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What to Do If You Find a Foreign Object in Your Food

An injury attorney can help with your beef. Literally

Every once in a while you see it in your timeline or on the news: Someone has found an atrocious substance in their food. Some of these objects have included mice, human fingers and condoms. It leads to wonder what laws are in place to protect these consumers.

What are the laws in Georgia?

If you are injured by a foreign body in your food, whether due to the faults of a food manufacturer or from the food preparers, you may be able to recover for your injuries. Successful suits have occurred when there have been lacerations to the mouth or broken teeth, or when ingestion of the foreign body has caused illness. More specifically, the law requires that the victim has consumed some or all the foreign material, and suffered a physical injury or illness as a result. 

If there is evidence of an intentional adulteration of the food or beverage with a noxious substance, then the victim may also assert claims for battery and/or intentional infliction of emotional distress. Damages may be collected for medical expenses, loss of income, and pain and suffering. In addition, injured and sickened consumers may seek to recover compensation for their non-physical damages, such as the shock, fright, disgust, anxiety or emotional distress they suffered after chewing or ingesting the object. 

The liability for foreign substances does have a limit, though. There have been a number of failed suits involving foreign bodies in food that could be expected—for example, a chipped tooth from a fishbone, or a mouth injury from a cherry pit in a slice of cherry pie.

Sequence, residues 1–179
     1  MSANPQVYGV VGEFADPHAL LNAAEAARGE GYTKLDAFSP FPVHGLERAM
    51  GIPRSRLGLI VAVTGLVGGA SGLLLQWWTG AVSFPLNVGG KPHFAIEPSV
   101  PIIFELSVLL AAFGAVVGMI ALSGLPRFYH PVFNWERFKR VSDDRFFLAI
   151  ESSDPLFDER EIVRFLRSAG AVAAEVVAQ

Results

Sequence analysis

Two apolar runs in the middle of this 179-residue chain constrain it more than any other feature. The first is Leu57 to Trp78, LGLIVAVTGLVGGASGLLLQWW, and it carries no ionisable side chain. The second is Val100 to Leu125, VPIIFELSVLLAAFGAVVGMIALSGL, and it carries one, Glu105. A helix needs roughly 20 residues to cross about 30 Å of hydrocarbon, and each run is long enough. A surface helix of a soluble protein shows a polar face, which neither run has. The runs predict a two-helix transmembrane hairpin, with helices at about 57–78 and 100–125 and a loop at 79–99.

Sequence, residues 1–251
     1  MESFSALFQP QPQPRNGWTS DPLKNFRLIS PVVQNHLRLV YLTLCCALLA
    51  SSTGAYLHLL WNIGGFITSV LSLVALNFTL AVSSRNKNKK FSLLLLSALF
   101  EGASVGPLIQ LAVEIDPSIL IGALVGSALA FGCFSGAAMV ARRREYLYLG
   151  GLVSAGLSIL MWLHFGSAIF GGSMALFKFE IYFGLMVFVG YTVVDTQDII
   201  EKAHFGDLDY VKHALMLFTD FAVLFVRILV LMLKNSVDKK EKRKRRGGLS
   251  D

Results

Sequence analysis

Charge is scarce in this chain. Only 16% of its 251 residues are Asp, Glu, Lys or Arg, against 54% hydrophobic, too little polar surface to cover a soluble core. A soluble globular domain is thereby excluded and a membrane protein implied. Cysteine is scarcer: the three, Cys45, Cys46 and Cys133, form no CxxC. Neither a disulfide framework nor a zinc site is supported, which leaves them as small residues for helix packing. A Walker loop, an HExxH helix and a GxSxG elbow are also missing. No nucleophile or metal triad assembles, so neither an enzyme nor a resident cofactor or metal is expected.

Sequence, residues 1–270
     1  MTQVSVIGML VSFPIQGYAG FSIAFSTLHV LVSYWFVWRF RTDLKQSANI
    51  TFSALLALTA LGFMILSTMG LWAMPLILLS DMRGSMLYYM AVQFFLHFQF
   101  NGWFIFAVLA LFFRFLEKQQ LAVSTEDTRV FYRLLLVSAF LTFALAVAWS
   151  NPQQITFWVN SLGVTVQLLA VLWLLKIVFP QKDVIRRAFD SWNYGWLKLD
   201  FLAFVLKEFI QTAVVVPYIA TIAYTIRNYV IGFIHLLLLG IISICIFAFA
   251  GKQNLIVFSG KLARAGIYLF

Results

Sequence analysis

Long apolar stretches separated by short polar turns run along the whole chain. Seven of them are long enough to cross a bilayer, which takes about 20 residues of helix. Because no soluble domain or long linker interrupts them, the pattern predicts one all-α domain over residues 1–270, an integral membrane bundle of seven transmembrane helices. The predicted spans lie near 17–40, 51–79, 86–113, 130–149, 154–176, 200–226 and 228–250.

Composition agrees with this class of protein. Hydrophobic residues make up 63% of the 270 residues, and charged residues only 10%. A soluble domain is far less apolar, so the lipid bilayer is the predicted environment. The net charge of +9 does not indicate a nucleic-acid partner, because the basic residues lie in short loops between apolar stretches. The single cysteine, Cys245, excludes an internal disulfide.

Additionally, the FDA has standards for processed foods in their Defect Levels Handbook. According to the book, a bunch of asparagus may have up to six beetle egg sacs attached to it and still be safe to consume; ground oregano can have up to 1,250 insect fragments per 10 grams; and black currant jam can have up to 75 percent mold content in it before it is considered unsafe to eat.

What should I do if I find something gross in my food?

Keep the packaging and receipt, and document the foreign body with photographs. The most important recommendation is to take the actual food that you found the foreign body within and place it in a safe container in your freezer. Unsurprisingly, the biggest issue in these types of cases is the destruction of evidence.

Also, be certain to get the medical attention you need to become well after your incident. And gather all of your medical records from before the incident to ensure your personal injury case will be able to prove the foreign body was the cause of your personal injury claim.

After gathering all of the evidence you can, be certain to take legal action and contact an experienced personal injury attorney for legal advice. Most law firms and personal injury lawyers offer a free case review to discuss your legal issues. For more information on this area of law, see our overview of personal injury law.

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